On several occasions, Sven Engesser and Jeffrey Wimmer have addressed the question where the counter-public falls in the publicity concepts of communication science (cf. Engesser/Wimmer 2009). They consider the various levels of participatory forms and formats to be a constitutive element. The different degrees of participation can be differentiated by their respective degree of responsibility (cf. Hooffacker 2018).
»Citizen Journalism« is another term that may cause confusion, as Christoph Neuberger has noted (see Neuberger 2012). Steve Outing uses a broader concept of Citizen Journalism. »Outing includes the entire range of journalistically relevant communication by non-professionals, also in the context of professional journalistic media.« (as cited in Hooffacker 2018)
In its narrower sense, as defined by Joyce Y. M. Nip, Citizen Journalism ist the production of news by citizens independently from professional journalism. We must thus distinguish between participatory formats offered within the framework of traditional mass media and participation offered via the actor’s own media. Early on, the »alternative press« of the 1970s demanded that the conception, creation, and production of »alternative« media products be left entirely in the hands of civil society actors (see Hooffacker/Lokk 1989). This, too, provides us with criteria to classify alternative media.
A quick trip back in time
The following section is an abridged excerpt from a 1989 handbook, which the author published together with Peter Lokk as a guide for high school, college, and city newspapers (cf. Hooffacker/Lokk 2009).
After 1945, US-style student newspapers began to emerge in West Germany as a result of Allied re-education efforts. From the early 1960s, leaflets, newspapers, and magazines by high school and college students became a political medium. A plethora of micro- and alternative newspapers cropped up in the German-speaking world as student revolts took to the streets. In 1974, Peter Engel and W. Christian Schmitt identified about 250 alternative newspaper for the period since 1965 (cf. Engel/Schmitt 1974). In 1986, the alternative press directory, published by the »Information Service for Unreported News« (ID) listed approximately 600 newspapers and magazines with more or less regular publication intervals (cf. Diederich/Schindowski 1986).
City newspapers, such as the Blatt in Munich, Klenkes in Cologne, or De Schnüss in Bonn, all emerged in the 1970s and explicitly saw themselves as a counter-public, as is evident in their moniker »Stattzeitungen«, a pun on the homophones »Stadt« – city, and »Statt« – instead, or alternatively. They reached circulations of up to 20,000 copies. Their purpose was to provide a forum for groups that received no coverage by the local press. »The topics they covered thus also became acceptable to the established press: from the nation’s inept grappling with its Nazi past to environmentalism and the anti-nuclear movement. Specialization set in, leading to the creation of separate magazines for the women’s movement, renters’ associations, environmental and ecological groups, etc.« (Hooffacker/Lokk 2009).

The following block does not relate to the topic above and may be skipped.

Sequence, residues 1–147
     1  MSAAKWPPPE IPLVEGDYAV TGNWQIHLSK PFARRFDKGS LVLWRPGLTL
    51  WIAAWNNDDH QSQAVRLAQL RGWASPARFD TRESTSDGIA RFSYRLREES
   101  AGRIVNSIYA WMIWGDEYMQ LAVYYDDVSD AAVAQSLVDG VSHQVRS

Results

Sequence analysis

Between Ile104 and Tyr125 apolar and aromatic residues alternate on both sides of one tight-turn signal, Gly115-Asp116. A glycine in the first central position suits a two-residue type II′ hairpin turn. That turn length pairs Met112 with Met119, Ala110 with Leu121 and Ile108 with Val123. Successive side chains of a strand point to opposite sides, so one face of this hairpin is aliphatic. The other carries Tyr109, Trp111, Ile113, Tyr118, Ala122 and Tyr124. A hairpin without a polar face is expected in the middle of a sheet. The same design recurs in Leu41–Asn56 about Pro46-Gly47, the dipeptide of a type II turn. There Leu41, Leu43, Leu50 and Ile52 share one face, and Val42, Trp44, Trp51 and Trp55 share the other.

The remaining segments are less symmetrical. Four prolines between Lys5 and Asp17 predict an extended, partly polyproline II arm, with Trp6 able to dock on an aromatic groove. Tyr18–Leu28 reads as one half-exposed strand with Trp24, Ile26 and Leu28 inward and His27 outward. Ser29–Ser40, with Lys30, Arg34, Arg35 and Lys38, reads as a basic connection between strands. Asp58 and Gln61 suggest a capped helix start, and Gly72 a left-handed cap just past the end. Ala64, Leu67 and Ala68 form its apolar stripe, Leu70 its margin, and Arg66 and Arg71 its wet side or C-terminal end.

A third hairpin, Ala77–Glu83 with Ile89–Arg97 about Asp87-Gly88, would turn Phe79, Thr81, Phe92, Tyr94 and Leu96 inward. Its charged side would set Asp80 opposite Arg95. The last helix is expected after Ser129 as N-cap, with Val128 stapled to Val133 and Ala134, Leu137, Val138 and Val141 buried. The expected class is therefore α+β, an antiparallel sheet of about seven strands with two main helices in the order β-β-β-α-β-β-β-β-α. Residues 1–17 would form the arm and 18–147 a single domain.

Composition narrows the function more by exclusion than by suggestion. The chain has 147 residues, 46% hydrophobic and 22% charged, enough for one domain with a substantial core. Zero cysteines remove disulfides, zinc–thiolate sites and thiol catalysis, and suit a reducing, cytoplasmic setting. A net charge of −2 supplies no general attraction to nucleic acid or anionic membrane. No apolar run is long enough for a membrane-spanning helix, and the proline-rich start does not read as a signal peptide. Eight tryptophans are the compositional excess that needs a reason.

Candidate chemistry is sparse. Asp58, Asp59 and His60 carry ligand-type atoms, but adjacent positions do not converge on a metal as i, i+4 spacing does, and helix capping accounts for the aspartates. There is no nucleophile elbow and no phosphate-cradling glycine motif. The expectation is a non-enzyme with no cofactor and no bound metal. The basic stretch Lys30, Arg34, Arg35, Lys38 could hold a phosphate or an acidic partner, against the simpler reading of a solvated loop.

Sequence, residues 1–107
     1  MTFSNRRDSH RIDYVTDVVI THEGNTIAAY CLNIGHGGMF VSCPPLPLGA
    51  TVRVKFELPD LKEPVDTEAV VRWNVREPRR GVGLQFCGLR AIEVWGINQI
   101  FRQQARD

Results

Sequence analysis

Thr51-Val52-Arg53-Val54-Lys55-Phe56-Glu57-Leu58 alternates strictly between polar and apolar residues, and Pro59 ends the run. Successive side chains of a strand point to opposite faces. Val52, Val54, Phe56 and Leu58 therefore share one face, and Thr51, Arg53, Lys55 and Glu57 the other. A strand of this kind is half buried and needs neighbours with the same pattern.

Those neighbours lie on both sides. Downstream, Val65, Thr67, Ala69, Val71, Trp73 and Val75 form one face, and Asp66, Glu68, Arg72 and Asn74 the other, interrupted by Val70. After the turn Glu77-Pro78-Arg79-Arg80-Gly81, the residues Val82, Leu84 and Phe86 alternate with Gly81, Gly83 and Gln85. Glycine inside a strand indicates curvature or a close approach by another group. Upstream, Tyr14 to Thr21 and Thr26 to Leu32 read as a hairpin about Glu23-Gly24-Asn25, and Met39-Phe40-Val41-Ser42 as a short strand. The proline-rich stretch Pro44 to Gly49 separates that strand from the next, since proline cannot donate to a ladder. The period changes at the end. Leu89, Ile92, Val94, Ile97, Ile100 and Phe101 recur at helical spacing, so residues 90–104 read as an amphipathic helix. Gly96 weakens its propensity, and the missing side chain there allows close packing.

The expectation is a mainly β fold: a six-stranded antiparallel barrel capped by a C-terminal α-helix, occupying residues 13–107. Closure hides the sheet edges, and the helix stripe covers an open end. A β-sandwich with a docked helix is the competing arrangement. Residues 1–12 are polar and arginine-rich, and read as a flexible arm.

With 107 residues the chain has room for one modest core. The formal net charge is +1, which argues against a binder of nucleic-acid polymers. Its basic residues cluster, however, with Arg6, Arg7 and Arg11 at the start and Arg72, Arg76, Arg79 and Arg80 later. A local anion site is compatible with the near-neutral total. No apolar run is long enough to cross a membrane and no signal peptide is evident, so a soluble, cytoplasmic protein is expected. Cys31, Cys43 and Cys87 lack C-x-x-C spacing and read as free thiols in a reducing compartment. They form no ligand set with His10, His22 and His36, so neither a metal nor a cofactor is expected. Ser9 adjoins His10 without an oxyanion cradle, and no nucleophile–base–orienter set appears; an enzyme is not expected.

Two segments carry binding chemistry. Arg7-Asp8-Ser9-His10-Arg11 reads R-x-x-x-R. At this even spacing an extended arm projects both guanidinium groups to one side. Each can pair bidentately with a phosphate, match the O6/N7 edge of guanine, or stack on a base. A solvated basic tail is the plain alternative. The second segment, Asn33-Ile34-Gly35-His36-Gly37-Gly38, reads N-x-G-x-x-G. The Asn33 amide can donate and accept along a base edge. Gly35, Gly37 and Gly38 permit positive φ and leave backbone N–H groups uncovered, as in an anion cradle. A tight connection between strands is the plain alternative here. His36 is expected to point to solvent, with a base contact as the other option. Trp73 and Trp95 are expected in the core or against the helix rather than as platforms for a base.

Since the 1980s, this »grass-roots counter-public« has extended to other media. Alternative radio stations such as Radio Dreyeckland in Freiburg or Radio Z in Nuremberg, often supported by an association, emerged as »community media«. In various federal states, citizens’ stations were enshrined in law and endowed with solid financial resources (see Förster 2017). Concepts of public and counter-public from the same period in the GDR have not yet been sufficiently researched and received (cf. Meyen 2013, 2019).
It was pioneers from the hacker scene alongside representatives of the alternative press who first leveraged data networks and online platforms. In the US, it was The Well, which originated from a handbook of alternative projects (cf. Rheingold 1994). In West Germany, mailbox networks emerged, such as the Computernetzwerk Linksysteme (CL-Netz), a partner of the international »Association for Progressive Communications« (APC). City newspapers and other citizen media used this network to interconnect (see Hooffacker/Lokk 2009). »Alternative« topics and media formats then found their way into the traditional media, while alternative media gradually faded into insignificance (cf. Hooffacker 2008).
Like a distorted mirror image, the innovative media projects by a critical counter-public are always followed by media projects by backward-looking, right-wing to right-extremist media producers. They adopt these media forms and formats and fill them with authoritative content. One characteristic of their messaging is hatred against specific groups (cf. Heitmeyer 2002-2011) combined with current elements of pop culture.
During the heyday of high-school newspapers, extremist right-wing leaflets of the same type were distributed in front of schools. »Right-wing rock music« was propagated as a counterpart to progressive rock music, followed by »schoolyard CDs« which were distributed free of charge. The right-wing extremist Thulenetz, set up with financial support from the German constitutional intelligence service (see Aust/Laabs 2014), set out to copy the open and, at the time, successful mailbox networks such as the CL network (see Hooffacker/Lokk 1997). Right-wing extremist websites followed.